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Psychiatry’s Nice Little Earner

Psychiatry’s Nice Little Earner
I have mentioned in previous articles – with, admittedly, some disdain – psychiatry’s so-called Diagnostic Manual.

 

Its full title is: “The American Psychiatric Association’s Diagnostic and Statistical Manual of Mental Disorders (DSM).”

 

This sounds terribly impressive, scientific and medical, as well it must because it is this manual that comprises psychiatry’s “billing bible” of so-called mental disorders.

 

If a psychiatrist labels someone with one or more of the fancy sounding disorders listed in the manual, the label will stick and provide all the evidence needed for psychiatry to begin “treatment” for the “disorder” and bill the person’s insurance company, government or whatever sucker stumps up the dough.

 

The illness MUST of course be real because it (a) has a fancy name and (b) is mentioned in a book. The treatment to which the poor devil now stuck with a psychiatric label is subjected is almost always (a) a hit and miss drugging with various dangerous pills and potions or (b) electric shocks or (c) removing bits of his brain or (d) some combination of these.

 

The victim…..sorry, I mean patient….. usually deteriorates, which is hardly surprisingly considering the mistreatment to which he is subjected. The deterioration requires more expensive treatment, which causes further deterioration.

 

This is wonderful for psychiatry and the pharmaceutical industry in that it enables them to rake in the lucre but rather less so for the patient, who could hardly have fared worse if one had merely put his head in a meat grinder and had done with it.

 

But what of the DSM upon which the whole money-making wheeze is based?

 

Well, have a look at it when you have a moment. It makes a fascinating read.

 

The first thing you will notice is that almost every nuance of human behavior is included in its list of “disorders” requiring treatment. Virtually any frame of mind south of total godlike perfection is, according to psychiatry, a mental illness, which means all of us are bonkers. Therefore all of us are candidates for a psychiatric label and expensive drugging or brain mincing, for which our medical  insurance or government will foot the bill.

 

For example, shyness—a common life situation—is now categorized as “Social Anxiety Disorder” (SAD). The shy person, already suffering from shaky self-confidence will no doubt be bolstered to discover that not only is he bashful but he has a diseased brain to boot.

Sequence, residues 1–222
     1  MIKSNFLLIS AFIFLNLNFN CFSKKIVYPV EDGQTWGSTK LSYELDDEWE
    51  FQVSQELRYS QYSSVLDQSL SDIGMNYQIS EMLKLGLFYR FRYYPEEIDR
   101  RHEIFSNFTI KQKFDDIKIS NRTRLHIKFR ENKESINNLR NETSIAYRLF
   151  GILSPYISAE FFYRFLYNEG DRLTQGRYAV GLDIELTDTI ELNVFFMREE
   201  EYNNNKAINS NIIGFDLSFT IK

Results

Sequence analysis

The psychiatric drugging industry is already a money-spinning monster but no matter how huge it grows, psychiatrists are hard at work inventing new disorders to add to their manual and thus make their net even larger.

With the DSM, psychiatry has taken countless aspects of human behavior and reclassified them as a mental illness simply by adding the term “disorder” onto them. Believe it or not, that is the sum total of science that goes into the manual!

 

Even key DSM contributors admit that there is no scientific or medical validity to the disorders, yet the DSM nevertheless serves as a diagnostic tool, not only for individual treatment, but also for duping officialdom in child custody disputes, court testimony, and so forth.

 

Both the manual’s “disorders” and the psychiatric diagnosis that someone is suffering from the disorder completely lack scientific criteria. Anyone can be labeled mentally ill, and subjected to dangerous and life-threatening treatments based solely on opinion.

 

Imagine if you went to your doctor suffering from an itchy nose and the doctor took one look at you and made up a diagnosis off the top of his head: “Proboscis Disorder. Very serious. Here, take this drug. Don’t be alarmed by the side effects. That will be $500 please!”

 

Not very scientific is it? Well that is about the same order of science employed by psychiatry, except their “Proboscis Disorder” appears in an impressive-looking book.

 

Hard to grasp? What you are looking at here is a scam. Let me repeat how it works: observe some aspect of human behavior; call it a “disorder” quite arbitrarily and off the top of your head, no tests or experimentation involved; label some people as suffering from the disorder; start administering drugs, electro-shock or whatever; bill their insurance companies or government; and….well, that’s it!

 

Here by way of illustration is a fictitious example: Joe is lethargic due to bad diet. Observe sluggishness in Joe and similar behavious in a few other people, although reasons for lethargy might vary (bad diet, hangover, virus etc). Don’t investigate to discover why Joe and others are lethargic or even whether each lethargy case springs from the same cause. Merely invent a name for the symptoms that does not explain or establish understanding: “Sloth Disorder.” Enter “Sloth Disorder” in DSM with a description of symptoms, (“sloth…etc.”) Diagnose a few people as having Sloth Disorder. Write out prescription for brain damaging drugs. Bill insurance company. Due to drugs person becomes agitated. Invent “Agitation Disorder”. Diagnose. Drug. Bill.

 

“A nice little earner.” as we say in England.

 

At least, our criminals do.

 

About The Author

In The Public Interest – Kieron McFadden’s Mental Health Desk. Find the Citizens Commission on Human Rights and more of my articles and free books as well as other topics that might interest you at http://howdohub.com

About Author
Find the Citizens Commission on Human Rights and more of my articles and free books as well as other topics that might interest you at http://www.howdohub.com

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